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RE: DIRECT v2.0
« Reply #2 on: 05/10/2007 09:23 PM »
Have you sent it to Michael Griffin again ? Maybe a copy to Doug Stanley (and Scott Horowitz) might be good too. Keep trying guys, I think either Ares I/V or DIRECT would do the job but yours looks cheaper and quicker if maybe slightly less safer. However with a looming Democrat President I would say DIRECT remains the only feasible political and economic one given the less enthusiasm to manned spaceflight they have with the obvious squeeze on funds that will produce which will mean the Chinese will get there first and take all the helium-3 while the Democrats drone on about Science and saving the Earth ;-).

Offline Chris Bergin

RE: DIRECT v2.0
« Reply #3 on: 05/10/2007 09:25 PM »
Quote
RedSky - 10/5/2007  10:02 PM

To all involved in Direct 2... looks great.  But just a suggestion based on the intended audience: switch to American English spelling rather than UK English (e.g., maneuver for manoeuvre, etc.).  ;)

I've learnt to do that. Got to cater to your main audience :)

Offline NotGncDude

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Re: DIRECT v2.0
« Reply #4 on: 05/10/2007 09:45 PM »
What's the Jupiter 242? I couldn't find it.

Offline kraisee

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Re: DIRECT v2.0
« Reply #5 on: 05/10/2007 10:08 PM »
I assume you're referring to the reference to an 'optional vehicle upgrade' for use on future LOR-LOR mission profiles from page 10?

As the numbering designations would indicate, it is a four engined Core variant which could be constructed in the future if additional performance were ever required by NASA.   It is more powerful than the 232 but is NOT backward compatible to the 120, so it becomes a separate stand-alone design.   For achieving the current Lunar architecture payload requirements, however, the 232 is more than adequate, and can be used in 120 configuration to support safe, cost-effective manned operations in the near-term. Because of these reasons, the specific details of the 242 variant are really beyond the scope of this particular document.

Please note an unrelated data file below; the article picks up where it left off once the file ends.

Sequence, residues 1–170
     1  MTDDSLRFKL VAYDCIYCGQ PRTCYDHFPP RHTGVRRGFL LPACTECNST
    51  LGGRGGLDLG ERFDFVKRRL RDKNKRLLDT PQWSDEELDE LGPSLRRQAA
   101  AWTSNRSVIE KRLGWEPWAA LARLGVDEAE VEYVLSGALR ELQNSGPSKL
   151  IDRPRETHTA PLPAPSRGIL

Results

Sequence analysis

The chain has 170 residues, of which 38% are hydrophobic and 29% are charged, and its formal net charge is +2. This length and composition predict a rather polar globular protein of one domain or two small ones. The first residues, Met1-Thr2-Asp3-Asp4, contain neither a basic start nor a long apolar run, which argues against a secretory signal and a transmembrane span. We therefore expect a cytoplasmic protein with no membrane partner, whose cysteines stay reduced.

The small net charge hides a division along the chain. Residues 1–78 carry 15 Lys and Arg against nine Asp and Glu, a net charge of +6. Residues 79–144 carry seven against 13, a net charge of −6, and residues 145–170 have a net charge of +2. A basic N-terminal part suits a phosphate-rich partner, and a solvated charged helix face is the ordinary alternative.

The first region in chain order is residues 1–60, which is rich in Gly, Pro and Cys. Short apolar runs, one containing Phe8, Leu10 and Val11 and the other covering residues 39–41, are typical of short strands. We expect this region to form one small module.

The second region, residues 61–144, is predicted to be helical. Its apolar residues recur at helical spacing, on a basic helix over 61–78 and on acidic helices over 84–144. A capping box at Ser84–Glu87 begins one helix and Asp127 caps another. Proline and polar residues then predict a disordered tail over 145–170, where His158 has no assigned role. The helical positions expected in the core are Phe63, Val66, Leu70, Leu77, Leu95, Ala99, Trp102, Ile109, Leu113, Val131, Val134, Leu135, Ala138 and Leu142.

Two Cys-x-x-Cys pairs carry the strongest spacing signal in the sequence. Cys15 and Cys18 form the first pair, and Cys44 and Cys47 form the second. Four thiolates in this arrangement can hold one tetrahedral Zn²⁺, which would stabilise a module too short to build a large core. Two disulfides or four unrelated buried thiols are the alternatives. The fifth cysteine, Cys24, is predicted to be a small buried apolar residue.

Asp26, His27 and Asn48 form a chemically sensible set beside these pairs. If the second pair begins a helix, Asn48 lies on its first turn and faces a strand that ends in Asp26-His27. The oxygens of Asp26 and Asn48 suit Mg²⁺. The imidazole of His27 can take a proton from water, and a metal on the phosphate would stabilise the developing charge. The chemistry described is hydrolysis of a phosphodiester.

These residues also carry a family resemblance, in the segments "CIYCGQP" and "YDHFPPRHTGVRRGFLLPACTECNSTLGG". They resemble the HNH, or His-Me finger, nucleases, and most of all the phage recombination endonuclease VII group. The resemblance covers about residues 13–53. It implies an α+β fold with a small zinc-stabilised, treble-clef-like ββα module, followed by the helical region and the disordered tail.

What we have here are the two, least costly and safest variants - using the exact same Common Core for both - which accomplish all of the criteria set out in the original ESAS analysis.   The Jupiter-120 and the Jupiter-232 can match Ares-I/V's performance and offer a very easy method to actually improve noticeably upon them.   The 242 variant thus becomes an 'option' which can remain on the shelf for the future.

Ross.
"The meek shall inherit the Earth -- the rest of us will go to the stars"
-Robert A. Heinlein

Offline kraisee

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RE: DIRECT v2.0
« Reply #6 on: 05/10/2007 10:41 PM »
Quote
RedSky - 10/5/2007  5:02 PM

To all involved in Direct 2... looks great.  But just a suggestion based on the intended audience: switch to American English spelling rather than UK English (e.g., maneuver for manoeuvre, etc.).  ;)

Thanks.   Good suggestion.   That was my error - I still have my UK English dictionary set up :)

Fixed now.

Ross.
"The meek shall inherit the Earth -- the rest of us will go to the stars"
-Robert A. Heinlein

Offline Marsman

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Re: DIRECT v2.0
« Reply #7 on: 05/10/2007 10:44 PM »

Congratulations on all of you hard work. I can appreciate all of the intense time and effort spent on the proposal. I stand in awe of your persistence and determination. Fantastic job! A minor question: How does the Jupiter 232 equal or beat the Ares V in LSAM mass with a less powerful launcher?


Offline Celeritas

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Re: DIRECT v2.0
« Reply #8 on: 05/10/2007 11:21 PM »
If all of the above numbers are correct then DIRECT makes too much sense.  Hopefully not too much sense for NASA.

Offline kraisee

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Re: DIRECT v2.0